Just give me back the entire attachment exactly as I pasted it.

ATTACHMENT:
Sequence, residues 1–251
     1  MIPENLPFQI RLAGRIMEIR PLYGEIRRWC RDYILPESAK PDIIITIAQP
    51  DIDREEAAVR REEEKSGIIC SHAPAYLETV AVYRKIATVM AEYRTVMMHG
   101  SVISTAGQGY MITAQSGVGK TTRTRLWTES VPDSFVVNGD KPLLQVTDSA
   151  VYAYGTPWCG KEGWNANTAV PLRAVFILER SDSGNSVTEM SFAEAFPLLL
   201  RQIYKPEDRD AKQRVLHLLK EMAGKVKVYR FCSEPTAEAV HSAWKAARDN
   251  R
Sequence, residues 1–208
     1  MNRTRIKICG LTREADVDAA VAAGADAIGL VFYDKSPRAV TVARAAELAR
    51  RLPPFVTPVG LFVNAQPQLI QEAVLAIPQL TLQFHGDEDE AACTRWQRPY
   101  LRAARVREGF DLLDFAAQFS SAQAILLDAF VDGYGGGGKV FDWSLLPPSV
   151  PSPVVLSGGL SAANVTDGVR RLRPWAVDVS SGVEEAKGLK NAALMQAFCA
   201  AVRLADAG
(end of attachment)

Sequence, residues 1–251
     1  MIPENLPFQI RLAGRIMEIR PLYGEIRRWC RDYILPESAK PDIIITIAQP
    51  DIDREEAAVR REEEKSGIIC SHAPAYLETV AVYRKIATVM AEYRTVMMHG
   101  SVISTAGQGY MITAQSGVGK TTRTRLWTES VPDSFVVNGD KPLLQVTDSA
   151  VYAYGTPWCG KEGWNANTAV PLRAVFILER SDSGNSVTEM SFAEAFPLLL
   201  RQIYKPEDRD AKQRVLHLLK EMAGKVKVYR FCSEPTAEAV HSAWKAARDN
   251  R
Sequence, residues 1–208
     1  MNRTRIKICG LTREADVDAA VAAGADAIGL VFYDKSPRAV TVARAAELAR
    51  RLPPFVTPVG LFVNAQPQLI QEAVLAIPQL TLQFHGDEDE AACTRWQRPY
   101  LRAARVREGF DLLDFAAQFS SAQAILLDAF VDGYGGGGKV FDWSLLPPSV
   151  PSPVVLSGGL SAANVTDGVR RLRPWAVDVS SGVEEAKGLK NAALMQAFCA
   201  AVRLADAG